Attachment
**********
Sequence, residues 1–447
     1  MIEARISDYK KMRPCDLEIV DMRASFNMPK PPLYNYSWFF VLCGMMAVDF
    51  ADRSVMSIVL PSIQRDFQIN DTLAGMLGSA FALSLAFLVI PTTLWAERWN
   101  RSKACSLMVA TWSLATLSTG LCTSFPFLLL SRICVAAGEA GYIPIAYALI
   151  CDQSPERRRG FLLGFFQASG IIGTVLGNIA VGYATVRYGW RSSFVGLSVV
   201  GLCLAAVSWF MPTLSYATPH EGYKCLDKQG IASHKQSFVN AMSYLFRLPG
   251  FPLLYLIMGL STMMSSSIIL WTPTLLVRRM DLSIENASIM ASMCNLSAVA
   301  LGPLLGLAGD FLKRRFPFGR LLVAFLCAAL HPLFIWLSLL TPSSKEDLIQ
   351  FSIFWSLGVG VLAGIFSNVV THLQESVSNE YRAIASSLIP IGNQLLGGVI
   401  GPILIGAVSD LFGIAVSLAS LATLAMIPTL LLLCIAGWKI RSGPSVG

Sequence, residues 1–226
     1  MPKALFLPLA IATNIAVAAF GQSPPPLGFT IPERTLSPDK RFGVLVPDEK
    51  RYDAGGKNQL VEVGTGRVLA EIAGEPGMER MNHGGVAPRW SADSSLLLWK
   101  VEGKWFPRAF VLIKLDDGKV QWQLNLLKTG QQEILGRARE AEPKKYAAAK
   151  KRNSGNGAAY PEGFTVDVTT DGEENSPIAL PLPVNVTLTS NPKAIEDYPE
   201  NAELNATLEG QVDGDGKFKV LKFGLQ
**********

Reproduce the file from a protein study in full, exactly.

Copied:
Sequence, residues 1–447
     1  MIEARISDYK KMRPCDLEIV DMRASFNMPK PPLYNYSWFF VLCGMMAVDF
    51  ADRSVMSIVL PSIQRDFQIN DTLAGMLGSA FALSLAFLVI PTTLWAERWN
   101  RSKACSLMVA TWSLATLSTG LCTSFPFLLL SRICVAAGEA GYIPIAYALI
   151  CDQSPERRRG FLLGFFQASG IIGTVLGNIA VGYATVRYGW RSSFVGLSVV
   201  GLCLAAVSWF MPTLSYATPH EGYKCLDKQG IASHKQSFVN AMSYLFRLPG
   251  FPLLYLIMGL STMMSSSIIL WTPTLLVRRM DLSIENASIM ASMCNLSAVA
   301  LGPLLGLAGD FLKRRFPFGR LLVAFLCAAL HPLFIWLSLL TPSSKEDLIQ
   351  FSIFWSLGVG VLAGIFSNVV THLQESVSNE YRAIASSLIP IGNQLLGGVI
   401  GPILIGAVSD LFGIAVSLAS LATLAMIPTL LLLCIAGWKI RSGPSVG

Sequence, residues 1–226
     1  MPKALFLPLA IATNIAVAAF GQSPPPLGFT IPERTLSPDK RFGVLVPDEK
    51  RYDAGGKNQL VEVGTGRVLA EIAGEPGMER MNHGGVAPRW SADSSLLLWK
   101  VEGKWFPRAF VLIKLDDGKV QWQLNLLKTG QQEILGRARE AEPKKYAAAK
   151  KRNSGNGAAY PEGFTVDVTT DGEENSPIAL PLPVNVTLTS NPKAIEDYPE
   201  NAELNATLEG QVDGDGKFKV LKFGLQ